The spring holiday season has just ended with
Shavuot and Pentecost falling on the same Sunday.
Hundreds of thousands of people came from around the world
to celebrate peacefully in Jerusalem.
Something was making the birds crazy,
but otherwise it was a quiet, beautiful day,
so there was hardly a mention in the mainstream media.
What image comes to mind when you hear the word Jerusalem?
Perhaps it is the ancient walls of the Old City?
But Jerusalem is a place of contrast and diversity, and is constantly changing.
Just before the holiday weekend, I went to Kikar Safra, Safra Square
to the City Council meeting room for an exciting event.
The Jerusalem Business Network Forum Bio-Med a group
formed to bring science industry to Jerusalem,
launched the Burrill Israel Fund.
Jerusalem Mayor Nir Barkat welcomed Jeff Miller,
special advisor to Burrill & Co, who announced a $200,000,000
“super angel” fund for Jerusalem Bio-Med development.
The fund is backed by Steve Burrill, an US investor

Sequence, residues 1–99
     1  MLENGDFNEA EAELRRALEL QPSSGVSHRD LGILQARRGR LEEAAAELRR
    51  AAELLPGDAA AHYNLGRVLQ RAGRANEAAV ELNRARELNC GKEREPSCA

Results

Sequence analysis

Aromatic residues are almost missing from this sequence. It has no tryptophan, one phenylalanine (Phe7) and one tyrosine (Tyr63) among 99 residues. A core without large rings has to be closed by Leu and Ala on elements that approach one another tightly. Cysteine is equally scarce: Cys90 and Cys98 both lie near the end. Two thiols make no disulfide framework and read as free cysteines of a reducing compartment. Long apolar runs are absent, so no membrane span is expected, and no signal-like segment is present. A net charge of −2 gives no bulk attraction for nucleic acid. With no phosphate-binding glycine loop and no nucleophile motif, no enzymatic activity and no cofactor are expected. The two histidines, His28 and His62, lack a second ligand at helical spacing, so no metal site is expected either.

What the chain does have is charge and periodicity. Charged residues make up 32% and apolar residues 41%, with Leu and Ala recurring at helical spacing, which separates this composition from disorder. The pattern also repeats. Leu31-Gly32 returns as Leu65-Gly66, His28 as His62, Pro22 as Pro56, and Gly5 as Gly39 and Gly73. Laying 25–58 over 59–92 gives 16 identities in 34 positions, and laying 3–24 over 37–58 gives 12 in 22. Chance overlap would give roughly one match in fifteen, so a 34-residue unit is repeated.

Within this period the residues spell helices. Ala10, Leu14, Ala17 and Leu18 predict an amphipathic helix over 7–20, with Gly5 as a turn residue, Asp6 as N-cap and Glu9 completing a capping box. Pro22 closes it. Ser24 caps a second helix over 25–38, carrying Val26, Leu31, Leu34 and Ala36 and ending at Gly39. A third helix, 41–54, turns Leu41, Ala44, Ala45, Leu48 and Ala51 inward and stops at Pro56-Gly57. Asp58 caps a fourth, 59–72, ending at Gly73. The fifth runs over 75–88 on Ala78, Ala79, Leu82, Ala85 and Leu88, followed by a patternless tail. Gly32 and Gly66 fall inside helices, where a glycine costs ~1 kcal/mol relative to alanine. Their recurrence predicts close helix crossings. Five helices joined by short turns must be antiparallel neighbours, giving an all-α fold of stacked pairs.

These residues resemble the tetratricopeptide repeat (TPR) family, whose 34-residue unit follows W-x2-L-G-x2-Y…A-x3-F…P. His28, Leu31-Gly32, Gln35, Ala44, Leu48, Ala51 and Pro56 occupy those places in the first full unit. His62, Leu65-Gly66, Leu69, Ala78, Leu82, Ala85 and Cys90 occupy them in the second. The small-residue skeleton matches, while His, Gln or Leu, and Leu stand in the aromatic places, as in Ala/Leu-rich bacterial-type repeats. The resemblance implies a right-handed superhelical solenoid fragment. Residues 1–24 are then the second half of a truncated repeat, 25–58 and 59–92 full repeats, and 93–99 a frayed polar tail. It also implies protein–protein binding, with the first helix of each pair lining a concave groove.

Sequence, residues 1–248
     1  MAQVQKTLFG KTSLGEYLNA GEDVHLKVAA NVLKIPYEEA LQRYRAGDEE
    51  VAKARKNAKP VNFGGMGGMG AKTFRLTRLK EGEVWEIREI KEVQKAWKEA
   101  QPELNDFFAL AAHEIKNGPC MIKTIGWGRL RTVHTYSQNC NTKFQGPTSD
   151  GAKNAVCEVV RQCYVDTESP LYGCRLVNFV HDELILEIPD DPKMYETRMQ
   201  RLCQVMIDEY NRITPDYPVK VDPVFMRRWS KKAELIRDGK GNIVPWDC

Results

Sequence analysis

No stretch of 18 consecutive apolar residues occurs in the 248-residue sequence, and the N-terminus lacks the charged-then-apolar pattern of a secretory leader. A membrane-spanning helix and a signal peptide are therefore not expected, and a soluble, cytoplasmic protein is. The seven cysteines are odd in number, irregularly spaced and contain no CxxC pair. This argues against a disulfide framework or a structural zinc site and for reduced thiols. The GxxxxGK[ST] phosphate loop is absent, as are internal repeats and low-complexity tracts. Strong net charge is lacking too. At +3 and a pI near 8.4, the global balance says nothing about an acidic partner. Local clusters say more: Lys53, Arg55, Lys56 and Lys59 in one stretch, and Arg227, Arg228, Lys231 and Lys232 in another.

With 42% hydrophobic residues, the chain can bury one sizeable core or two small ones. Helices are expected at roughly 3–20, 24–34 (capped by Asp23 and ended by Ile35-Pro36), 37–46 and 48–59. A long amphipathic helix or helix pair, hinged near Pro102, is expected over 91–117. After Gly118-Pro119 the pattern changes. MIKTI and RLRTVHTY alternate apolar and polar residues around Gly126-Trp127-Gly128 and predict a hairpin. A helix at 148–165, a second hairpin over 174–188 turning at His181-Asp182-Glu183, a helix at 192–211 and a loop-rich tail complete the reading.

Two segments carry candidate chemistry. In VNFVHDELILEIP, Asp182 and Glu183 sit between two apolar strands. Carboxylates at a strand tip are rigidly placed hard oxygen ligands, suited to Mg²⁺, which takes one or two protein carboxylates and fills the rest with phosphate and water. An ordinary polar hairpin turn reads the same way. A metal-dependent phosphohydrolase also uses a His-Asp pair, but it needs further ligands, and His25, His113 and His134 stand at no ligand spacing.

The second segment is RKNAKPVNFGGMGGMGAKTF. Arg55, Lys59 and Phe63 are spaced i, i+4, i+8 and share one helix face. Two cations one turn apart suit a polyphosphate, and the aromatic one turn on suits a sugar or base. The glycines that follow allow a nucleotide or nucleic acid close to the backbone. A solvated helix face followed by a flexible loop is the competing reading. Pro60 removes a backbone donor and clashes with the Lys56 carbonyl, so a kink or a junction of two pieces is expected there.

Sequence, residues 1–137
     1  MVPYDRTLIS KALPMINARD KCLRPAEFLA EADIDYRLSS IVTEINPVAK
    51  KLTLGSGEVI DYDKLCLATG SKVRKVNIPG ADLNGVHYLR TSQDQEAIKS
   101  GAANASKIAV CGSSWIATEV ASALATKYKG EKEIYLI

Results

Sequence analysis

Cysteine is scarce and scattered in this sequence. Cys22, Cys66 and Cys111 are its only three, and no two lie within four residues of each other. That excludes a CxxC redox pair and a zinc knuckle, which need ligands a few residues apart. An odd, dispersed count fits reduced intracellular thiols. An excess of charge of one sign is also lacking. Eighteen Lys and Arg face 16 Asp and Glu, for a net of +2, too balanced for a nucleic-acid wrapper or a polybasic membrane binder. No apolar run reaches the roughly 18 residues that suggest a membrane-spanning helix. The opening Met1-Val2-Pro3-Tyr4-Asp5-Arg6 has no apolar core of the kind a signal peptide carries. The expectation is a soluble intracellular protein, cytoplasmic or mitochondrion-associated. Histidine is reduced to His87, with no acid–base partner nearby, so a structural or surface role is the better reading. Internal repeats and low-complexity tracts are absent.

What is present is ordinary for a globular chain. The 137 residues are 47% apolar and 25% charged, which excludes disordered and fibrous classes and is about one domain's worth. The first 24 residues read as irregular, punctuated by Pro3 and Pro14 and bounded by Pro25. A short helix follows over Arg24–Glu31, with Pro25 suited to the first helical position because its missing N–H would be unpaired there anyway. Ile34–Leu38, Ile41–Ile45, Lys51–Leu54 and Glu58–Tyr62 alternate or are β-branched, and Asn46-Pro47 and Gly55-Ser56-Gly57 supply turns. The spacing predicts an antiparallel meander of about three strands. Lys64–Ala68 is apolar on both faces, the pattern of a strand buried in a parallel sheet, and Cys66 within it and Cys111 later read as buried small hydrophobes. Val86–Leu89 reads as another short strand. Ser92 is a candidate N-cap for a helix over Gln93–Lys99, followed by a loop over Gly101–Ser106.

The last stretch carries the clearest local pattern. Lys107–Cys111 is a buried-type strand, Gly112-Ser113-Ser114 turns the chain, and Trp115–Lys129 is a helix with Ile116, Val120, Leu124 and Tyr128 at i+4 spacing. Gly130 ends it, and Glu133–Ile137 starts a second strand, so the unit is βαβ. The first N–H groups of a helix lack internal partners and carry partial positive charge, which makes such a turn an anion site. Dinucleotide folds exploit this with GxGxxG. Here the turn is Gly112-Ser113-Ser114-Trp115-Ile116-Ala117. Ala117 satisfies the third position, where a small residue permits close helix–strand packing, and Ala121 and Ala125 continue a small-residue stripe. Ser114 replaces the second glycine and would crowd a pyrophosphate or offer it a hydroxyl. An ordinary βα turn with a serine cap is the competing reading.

who loves Jerusalem and invests in health care,
which he prefers to call “sickness and wellness.”
Deputy Mayors Naomi Tsur and Yitzchak Pindrus addressed the crowd
that included scientists, entrepreneurs, and lawyers.
Before entering politics, Mayor Barkat
was involved with development of the first internet firewalls
and has worked to bring hi-tech and bio-tech industry to Jerusalem.
Jerusalem is known for science study and research.
HUB (Hebrew University Biotech) has lab space for start-ups,
but until now Jerusalem
has not been associated with the “Start Up Nation” image.
One fascinating innovation that was discussed was a device
enabling doctors to see under the skin before making surgical incisions.
People stayed for hours talking at the end of the meeting.
The Mayor’s wish to see Jerusalem as a future center of bio-tech
and to take “talent to the next step”
is a step closer to becoming a reality.